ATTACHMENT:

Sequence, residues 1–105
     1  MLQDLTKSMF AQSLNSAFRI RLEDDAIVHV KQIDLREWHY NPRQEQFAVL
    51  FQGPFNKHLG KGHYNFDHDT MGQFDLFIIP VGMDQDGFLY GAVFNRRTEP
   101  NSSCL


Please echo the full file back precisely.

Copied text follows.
Sequence, residues 1–105
     1  MLQDLTKSMF AQSLNSAFRI RLEDDAIVHV KQIDLREWHY NPRQEQFAVL
    51  FQGPFNKHLG KGHYNFDHDT MGQFDLFIIP VGMDQDGFLY GAVFNRRTEP
   101  NSSCL